The U.S. trustee overseeing the bankruptcy proceeding of megachurch Crystal Cathedral filed objections to the salaries of three staff members, including two family members of the pastor, Robert A. Schuller.
A court document filed last Friday states that the job descriptions of Schuller's youngest sister, Gretchen Schuller Penner, and her daughter, Neva Penner Klaassen, overlapped in producing the church's "Hour of Power" TV program.
Gretchen Penner, first employed in March 1999 as executive director of programming and director of prayer ministry, had a 2009 salary of $69,525. The total 2009 compensation for her daughter, Neva Klaassen, was $55,099. Klassen began working as programming manager in July 2004 and managed the scheduling of music guests and directed the Sunday evening services, according to her job description.
"We don't agree with the objections and will be responding through the appropriate process," said Marc Winthrop, a lawyer for Crystal Cathedral. Calls to Frank Cadigan, assistant U.S. Trustee, who is overseeing the chapter 11 bankruptcy were not immediately returned. The U.S. Trustee program is under the umbrella of the Justice Department.
The U.S. Trustee also objected to the salary of Crystal Cathedral's chief financial officer, Fred Southard, who received a $132,019 housing allowance and $12,242 salary. The court document states that records "fail to set forth" why the church "needs to employ Mr. Southard as CFO and Director of Finance, when there is apparently a full time accounting staff employed" by the church in Santa Ana, Calif.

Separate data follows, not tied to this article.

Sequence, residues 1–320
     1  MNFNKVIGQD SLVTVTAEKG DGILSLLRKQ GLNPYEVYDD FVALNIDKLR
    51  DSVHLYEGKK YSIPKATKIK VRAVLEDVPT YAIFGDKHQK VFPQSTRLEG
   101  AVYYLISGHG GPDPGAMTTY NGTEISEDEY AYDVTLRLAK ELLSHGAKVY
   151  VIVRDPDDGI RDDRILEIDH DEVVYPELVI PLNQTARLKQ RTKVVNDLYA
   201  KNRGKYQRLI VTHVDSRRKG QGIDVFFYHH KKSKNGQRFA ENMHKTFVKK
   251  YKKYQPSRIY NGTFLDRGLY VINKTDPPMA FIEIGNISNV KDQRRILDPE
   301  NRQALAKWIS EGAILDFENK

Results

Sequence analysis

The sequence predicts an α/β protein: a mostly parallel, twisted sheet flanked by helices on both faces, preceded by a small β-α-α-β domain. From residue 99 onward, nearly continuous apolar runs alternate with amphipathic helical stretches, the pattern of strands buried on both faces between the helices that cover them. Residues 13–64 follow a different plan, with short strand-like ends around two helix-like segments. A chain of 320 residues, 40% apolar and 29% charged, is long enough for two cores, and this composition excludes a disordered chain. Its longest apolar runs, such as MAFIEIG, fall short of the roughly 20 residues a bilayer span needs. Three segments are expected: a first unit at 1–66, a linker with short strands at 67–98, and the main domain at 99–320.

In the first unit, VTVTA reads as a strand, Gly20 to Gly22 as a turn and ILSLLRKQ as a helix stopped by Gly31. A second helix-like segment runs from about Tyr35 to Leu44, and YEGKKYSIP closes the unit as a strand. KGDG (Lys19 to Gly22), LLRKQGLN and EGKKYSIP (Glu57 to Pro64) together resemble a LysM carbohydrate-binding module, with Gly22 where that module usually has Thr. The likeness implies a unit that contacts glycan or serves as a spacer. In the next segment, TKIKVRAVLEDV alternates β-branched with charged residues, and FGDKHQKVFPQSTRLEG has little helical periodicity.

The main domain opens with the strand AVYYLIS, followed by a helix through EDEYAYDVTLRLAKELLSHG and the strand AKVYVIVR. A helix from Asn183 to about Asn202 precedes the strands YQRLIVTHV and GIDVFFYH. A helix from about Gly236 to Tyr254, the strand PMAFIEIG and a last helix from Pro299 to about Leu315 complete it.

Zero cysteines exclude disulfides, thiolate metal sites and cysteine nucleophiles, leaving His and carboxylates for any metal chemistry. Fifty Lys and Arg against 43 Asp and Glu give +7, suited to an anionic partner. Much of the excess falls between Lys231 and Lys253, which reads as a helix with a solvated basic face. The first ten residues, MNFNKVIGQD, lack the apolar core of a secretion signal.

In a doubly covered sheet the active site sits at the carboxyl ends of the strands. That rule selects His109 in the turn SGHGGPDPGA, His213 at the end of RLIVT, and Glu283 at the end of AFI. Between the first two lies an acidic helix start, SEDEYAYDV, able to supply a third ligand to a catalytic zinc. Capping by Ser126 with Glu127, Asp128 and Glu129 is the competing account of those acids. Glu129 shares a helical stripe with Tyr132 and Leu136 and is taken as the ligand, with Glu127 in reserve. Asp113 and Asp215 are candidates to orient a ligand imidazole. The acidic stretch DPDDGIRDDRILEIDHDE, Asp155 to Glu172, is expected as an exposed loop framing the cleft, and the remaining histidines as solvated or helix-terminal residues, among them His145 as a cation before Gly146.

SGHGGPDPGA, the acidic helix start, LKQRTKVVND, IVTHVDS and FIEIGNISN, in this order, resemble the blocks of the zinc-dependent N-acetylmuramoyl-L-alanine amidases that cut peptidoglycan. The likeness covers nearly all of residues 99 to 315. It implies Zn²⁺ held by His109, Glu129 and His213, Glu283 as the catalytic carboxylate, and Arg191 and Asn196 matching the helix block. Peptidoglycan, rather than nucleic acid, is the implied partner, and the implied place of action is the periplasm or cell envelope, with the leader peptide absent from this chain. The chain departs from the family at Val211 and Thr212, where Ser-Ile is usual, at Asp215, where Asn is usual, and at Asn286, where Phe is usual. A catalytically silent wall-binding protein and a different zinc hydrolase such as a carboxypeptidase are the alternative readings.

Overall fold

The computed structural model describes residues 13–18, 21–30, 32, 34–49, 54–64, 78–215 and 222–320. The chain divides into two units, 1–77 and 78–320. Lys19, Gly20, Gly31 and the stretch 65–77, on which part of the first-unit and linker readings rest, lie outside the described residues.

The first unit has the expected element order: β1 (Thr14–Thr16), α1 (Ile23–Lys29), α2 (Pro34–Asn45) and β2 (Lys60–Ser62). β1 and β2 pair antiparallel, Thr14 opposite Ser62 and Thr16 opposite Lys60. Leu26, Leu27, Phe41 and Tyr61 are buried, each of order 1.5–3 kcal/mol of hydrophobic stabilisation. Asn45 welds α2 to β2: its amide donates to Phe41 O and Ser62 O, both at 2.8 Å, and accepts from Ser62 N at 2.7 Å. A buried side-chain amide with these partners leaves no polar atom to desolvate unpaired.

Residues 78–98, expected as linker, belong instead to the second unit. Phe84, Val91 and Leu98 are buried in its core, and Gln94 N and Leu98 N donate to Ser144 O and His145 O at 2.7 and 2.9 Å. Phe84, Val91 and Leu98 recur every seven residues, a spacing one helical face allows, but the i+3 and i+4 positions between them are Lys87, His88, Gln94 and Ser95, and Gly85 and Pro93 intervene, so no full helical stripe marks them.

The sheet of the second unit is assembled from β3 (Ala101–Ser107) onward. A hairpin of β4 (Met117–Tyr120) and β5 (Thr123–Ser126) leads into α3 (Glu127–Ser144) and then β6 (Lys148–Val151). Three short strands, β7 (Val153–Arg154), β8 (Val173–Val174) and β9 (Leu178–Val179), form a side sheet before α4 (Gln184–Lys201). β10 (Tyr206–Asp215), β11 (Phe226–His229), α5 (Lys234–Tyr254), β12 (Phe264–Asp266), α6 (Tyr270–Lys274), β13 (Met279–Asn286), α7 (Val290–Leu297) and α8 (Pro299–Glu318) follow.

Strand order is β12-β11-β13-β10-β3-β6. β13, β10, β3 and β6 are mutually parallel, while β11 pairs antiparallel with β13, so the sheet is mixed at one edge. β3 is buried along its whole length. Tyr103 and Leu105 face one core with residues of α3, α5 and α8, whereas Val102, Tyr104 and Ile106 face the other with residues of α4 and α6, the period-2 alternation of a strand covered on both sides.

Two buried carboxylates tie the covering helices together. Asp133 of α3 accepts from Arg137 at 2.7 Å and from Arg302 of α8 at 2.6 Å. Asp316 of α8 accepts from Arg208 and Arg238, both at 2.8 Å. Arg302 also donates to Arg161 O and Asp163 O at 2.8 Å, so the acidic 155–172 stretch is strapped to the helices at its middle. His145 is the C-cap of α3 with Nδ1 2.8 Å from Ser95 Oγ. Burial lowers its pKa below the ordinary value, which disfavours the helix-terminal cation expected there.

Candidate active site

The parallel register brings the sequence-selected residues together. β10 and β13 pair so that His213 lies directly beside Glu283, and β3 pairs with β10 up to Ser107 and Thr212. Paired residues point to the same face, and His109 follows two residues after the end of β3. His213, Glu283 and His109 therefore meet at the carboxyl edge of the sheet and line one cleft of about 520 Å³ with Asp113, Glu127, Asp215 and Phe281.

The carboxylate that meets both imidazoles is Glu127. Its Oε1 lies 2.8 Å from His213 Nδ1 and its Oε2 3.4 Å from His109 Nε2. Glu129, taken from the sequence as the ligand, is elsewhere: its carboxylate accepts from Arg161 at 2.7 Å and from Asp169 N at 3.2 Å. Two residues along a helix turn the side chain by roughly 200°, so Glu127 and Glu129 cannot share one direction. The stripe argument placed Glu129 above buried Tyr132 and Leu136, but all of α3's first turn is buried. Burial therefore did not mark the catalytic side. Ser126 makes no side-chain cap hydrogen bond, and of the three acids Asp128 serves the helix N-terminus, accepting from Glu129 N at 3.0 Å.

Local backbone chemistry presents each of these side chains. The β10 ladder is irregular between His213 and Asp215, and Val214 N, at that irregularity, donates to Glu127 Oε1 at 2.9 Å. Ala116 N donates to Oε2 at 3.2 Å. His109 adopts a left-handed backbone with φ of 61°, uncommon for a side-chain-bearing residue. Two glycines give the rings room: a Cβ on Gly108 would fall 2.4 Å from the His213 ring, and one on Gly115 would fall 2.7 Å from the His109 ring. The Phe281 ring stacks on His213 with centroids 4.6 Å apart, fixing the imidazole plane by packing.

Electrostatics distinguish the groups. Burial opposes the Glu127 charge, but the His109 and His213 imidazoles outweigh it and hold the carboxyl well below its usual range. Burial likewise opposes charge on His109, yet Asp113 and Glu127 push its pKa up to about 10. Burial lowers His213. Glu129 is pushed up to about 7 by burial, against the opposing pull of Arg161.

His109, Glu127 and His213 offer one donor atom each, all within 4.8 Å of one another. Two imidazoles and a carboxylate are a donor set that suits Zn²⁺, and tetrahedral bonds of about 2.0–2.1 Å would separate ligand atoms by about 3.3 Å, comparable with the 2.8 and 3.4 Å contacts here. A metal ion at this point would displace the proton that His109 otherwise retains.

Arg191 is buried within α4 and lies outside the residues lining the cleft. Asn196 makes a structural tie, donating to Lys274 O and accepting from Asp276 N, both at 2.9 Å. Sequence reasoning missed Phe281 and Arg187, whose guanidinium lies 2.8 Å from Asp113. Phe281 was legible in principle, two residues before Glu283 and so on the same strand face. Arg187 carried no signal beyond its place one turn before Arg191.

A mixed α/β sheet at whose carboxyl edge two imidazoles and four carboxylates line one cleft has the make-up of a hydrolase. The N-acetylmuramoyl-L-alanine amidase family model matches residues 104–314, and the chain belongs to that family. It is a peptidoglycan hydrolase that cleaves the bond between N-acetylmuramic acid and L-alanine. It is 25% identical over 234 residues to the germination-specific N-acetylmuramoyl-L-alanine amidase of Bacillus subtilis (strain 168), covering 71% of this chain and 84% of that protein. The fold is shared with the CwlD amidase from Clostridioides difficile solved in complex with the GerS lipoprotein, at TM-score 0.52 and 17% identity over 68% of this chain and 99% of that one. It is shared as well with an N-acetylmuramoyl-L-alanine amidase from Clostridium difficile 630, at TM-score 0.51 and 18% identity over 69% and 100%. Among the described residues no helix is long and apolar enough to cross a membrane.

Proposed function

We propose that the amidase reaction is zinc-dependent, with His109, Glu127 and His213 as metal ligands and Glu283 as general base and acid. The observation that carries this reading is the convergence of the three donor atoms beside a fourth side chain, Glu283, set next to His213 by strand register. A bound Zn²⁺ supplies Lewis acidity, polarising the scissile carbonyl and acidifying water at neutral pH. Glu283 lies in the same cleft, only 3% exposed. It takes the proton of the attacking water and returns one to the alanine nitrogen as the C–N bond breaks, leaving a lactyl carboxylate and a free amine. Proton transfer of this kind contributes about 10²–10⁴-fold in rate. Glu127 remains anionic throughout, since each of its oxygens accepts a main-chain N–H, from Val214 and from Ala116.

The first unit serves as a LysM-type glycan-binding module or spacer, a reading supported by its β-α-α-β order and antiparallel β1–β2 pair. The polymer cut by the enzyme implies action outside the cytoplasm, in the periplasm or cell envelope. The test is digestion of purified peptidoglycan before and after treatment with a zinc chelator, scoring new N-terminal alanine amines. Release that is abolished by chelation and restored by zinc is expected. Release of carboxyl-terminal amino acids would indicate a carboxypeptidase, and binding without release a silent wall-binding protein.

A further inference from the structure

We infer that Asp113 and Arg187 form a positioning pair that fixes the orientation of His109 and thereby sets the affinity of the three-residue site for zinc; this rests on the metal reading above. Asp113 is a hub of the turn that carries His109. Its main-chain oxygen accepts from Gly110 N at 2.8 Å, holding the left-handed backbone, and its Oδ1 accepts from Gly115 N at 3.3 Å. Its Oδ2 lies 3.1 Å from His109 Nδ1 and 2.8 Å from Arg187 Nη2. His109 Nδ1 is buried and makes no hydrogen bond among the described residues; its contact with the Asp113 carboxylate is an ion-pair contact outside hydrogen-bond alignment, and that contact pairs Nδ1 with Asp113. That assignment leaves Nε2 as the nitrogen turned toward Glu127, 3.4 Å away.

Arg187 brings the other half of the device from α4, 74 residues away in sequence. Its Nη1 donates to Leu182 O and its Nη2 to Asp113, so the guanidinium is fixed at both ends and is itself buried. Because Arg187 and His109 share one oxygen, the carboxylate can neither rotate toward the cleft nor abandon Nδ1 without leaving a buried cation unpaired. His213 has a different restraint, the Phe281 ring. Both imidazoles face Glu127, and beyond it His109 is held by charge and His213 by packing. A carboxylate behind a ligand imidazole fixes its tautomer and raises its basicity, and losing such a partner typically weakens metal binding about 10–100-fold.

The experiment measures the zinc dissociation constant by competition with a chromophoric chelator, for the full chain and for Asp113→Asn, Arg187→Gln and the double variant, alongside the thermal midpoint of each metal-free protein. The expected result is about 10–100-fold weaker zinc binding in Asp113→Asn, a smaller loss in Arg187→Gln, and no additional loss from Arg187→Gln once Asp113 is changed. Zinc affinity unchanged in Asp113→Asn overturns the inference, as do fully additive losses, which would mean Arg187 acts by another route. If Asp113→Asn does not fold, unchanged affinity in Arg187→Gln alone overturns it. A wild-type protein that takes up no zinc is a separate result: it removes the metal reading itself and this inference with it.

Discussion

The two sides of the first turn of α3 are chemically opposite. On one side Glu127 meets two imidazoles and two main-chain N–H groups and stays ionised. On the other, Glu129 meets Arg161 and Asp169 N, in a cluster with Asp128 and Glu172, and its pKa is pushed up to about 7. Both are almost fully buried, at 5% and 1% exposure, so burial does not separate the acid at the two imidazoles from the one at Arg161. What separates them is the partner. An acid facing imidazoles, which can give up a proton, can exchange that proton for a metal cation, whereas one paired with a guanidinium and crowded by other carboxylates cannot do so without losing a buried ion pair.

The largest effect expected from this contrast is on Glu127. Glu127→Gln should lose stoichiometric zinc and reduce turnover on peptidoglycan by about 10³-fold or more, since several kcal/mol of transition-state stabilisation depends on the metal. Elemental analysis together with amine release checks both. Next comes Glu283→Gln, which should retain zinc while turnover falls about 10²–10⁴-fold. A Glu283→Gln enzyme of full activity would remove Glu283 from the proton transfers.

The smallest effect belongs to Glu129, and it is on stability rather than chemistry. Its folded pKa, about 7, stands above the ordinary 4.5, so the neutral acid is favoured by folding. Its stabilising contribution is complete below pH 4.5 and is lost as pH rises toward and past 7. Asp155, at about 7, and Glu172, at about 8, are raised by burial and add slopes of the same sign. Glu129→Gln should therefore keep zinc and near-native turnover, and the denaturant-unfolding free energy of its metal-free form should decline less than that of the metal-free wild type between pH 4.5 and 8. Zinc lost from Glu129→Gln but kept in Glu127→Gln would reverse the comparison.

"Mr. Southard's role may be duplicative and discovery needs to be conducted in order to determine whether Mr. Southard's continued employment is necessary," according to documents filed on Friday.
Southard was employed in his current position since 1978 and worked approximately 60 hours each week, according to court records. The Orange County Register reported that pastor Robert A. Schuller had the highest salary of $196,478 followed by Southard, who had total compensation of $156,710, including his housing allowance.
The megachurch, founded by the Schullers' father and television evangelist, Robert H. Schuller in 1995, filed for Chapter 11 bankruptcy in October to restructure its staggering debt.
In a sermon just a week after filing for bankruptcy, Robert H. Schuller pleaded with his congregation for help.
"I need more help from you," Schuller said, according to the Orange County Register. "If you are a tither, become a double-tither. If you are not a tither, become a tither. This ministry has earned your trust. This ministry has earned your help."
Schuller's voice cracked with emotion as he told congregants about his family home and cornfield in Iowa getting flattened by a tornado when he was a teenager.
"I learned from my father that tough times never last," Schuller said. "Tough people do."
"Budgets could not be cut fast enough to keep up with the unprecedented rapid decline in revenue due to the recession," Senior Pastor Sheila Schuller Coleman said in a statement. Services and programs at the landmark church will continue, including the "Hour of Power" TV program, she said.